This is important in an MMO for another reason - the "Multiplayer" part. I think that most would agree that the most "multiplayer" part of the game is the endgame. But if your friends are level 70 and you are told by them (as WoW veterans) that the average noob is more than a year away from the level cap - with the perception being that equals more than a year away from playing with them... then that would seem to me to deter most folks from the attempt.

  3. An additional component to this equation, there are simply fewer people to play with at the earlier stages of the game. While twinking and advanced game knowledge take away some of the sting of this fact for alts, new players who do not have this advantage might have a hard time playing with others. Casual players who would pick up the game now would be at a tremendous disadvantage, and might indeed never get to enjoy the majority of content.

  4. I think smoothing out the experience curve is a necessary evil. When the game is first created, the experience curve is based on max level at that time (i.e. 0-60). As expansions are added, with new max levels, new curves are added to the old ones. This effectively creates "spikes" in the experience curve (one near 60 and one near 70), usually referred to as "hell levels".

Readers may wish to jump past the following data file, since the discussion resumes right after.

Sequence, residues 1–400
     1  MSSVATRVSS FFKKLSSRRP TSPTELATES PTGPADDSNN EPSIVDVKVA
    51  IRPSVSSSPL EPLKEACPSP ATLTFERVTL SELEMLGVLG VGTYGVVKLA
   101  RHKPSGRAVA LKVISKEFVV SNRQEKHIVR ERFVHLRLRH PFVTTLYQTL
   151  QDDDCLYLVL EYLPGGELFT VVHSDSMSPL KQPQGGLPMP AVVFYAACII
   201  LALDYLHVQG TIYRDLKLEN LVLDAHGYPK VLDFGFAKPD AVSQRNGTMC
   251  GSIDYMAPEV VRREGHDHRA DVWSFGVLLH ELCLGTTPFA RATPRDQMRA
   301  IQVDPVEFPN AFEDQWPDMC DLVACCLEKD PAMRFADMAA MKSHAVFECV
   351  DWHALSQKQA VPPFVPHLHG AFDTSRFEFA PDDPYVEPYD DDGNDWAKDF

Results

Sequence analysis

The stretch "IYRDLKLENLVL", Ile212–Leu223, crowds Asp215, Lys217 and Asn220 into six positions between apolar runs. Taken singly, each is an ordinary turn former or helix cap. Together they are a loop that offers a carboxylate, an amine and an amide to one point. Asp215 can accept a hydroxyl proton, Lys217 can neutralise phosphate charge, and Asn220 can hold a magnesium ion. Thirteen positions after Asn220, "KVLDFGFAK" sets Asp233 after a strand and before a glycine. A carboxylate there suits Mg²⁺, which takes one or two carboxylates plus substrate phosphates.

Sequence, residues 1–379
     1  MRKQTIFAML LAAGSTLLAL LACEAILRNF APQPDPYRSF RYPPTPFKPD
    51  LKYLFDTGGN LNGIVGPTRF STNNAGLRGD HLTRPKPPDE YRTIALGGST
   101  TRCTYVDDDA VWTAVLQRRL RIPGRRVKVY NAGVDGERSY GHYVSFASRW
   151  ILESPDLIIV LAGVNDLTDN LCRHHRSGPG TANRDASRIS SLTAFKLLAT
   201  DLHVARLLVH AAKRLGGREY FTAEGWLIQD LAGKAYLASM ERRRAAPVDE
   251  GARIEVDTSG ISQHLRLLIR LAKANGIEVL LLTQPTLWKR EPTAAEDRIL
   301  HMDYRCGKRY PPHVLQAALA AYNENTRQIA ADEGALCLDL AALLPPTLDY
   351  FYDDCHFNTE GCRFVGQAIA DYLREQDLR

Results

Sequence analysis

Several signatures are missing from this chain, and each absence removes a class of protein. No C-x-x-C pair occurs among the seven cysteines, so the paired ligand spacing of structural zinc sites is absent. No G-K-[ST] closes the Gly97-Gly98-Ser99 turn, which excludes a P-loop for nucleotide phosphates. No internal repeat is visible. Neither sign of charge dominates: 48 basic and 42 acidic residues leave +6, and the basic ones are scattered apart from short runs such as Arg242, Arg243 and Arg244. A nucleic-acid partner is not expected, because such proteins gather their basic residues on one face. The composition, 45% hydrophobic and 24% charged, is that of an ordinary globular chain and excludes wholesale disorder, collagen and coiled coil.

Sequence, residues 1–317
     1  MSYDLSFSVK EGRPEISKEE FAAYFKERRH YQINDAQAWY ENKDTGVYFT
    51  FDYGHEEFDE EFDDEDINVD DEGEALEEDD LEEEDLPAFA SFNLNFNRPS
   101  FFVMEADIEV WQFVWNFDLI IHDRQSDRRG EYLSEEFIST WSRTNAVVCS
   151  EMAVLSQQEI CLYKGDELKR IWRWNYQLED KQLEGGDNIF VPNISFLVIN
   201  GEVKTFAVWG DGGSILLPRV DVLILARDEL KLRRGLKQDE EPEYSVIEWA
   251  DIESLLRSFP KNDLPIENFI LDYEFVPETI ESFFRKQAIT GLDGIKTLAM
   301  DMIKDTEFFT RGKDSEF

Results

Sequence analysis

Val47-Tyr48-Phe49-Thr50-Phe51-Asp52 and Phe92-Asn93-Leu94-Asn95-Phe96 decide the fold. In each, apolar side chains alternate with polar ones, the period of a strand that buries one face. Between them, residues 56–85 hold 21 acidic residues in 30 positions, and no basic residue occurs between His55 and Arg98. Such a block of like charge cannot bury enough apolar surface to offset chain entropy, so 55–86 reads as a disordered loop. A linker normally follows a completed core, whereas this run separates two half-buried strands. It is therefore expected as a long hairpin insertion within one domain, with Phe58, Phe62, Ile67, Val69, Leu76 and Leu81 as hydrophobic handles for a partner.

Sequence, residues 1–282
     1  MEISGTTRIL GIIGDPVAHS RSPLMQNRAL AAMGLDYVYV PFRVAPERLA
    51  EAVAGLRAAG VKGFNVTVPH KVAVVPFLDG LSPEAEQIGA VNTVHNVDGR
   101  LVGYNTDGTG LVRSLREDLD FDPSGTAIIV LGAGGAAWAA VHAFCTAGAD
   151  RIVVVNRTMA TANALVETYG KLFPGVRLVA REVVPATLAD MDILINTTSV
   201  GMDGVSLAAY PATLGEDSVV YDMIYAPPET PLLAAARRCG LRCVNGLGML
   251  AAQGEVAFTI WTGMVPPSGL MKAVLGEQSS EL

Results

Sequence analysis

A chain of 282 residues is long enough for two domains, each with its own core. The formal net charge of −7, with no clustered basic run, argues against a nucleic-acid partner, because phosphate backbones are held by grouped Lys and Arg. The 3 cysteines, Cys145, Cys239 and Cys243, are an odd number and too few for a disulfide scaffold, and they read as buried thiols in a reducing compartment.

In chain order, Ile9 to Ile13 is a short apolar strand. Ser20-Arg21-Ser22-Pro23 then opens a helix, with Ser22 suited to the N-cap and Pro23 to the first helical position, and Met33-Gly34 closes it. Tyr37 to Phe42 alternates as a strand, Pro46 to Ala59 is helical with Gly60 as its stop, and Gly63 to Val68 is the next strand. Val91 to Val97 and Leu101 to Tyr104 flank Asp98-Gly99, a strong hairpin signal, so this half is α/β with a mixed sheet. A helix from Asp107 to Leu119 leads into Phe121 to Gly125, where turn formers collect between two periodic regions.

The reason why you want to make it easier to reach max level is to make them part of the established community (which is at or near max level). MMORPG's need a certain pool of players to draw upon to make groups. If new people can't find groups because there aren't enough low-level players, at least they can level-up quickly and accomplish a lot on their own or in smaller numbers (referring to making elite quests, non-elite).

  5. I agree with dyermaker. I started a belf when tBC came out and it was good from 1-20 when I was in belf territory but when I had to leave and explore other places the game had an empty feeling about it. 20-58 really feels like a grind now. I've got various alts that I play on but it's not as much fun when you're just soloing and bs'ing in guild chat. Back when I leveled my main toon at launch the old world was vibrant a full of people and you could easily get help for group quests and instances in your level range. Now you're lucky to find a dozen in most of the mid-level areas. I think speeding up the leveling process will help out the population greatly. With only 15% of xp taken off you should still have plenty of time to learn how to play your character.

    Just an FYI that Harry potter analogy is terrible. You're talking about a fixed experience while WoW is a dynamic experience. When you finish the book you put it down, with WOW when you finish leveling you end up raiding, running Heroics, or PvP'ing. Most people spend more time at 70 than they do leveling up so IMO it's better to get people to 70 to enjoy the content Blizzard spent the most time on.

  6. Imagine somebody bought the first Harry Potter book when it came out and it took him X hours to read it. If another person now buys all 7 Harry Potter books, should it also take X hours to read those, or should it take 7 times X hours to read?

    There are a lot of people who won't read Harry Potter because of the length of the series. They'll wait for the movies to come out.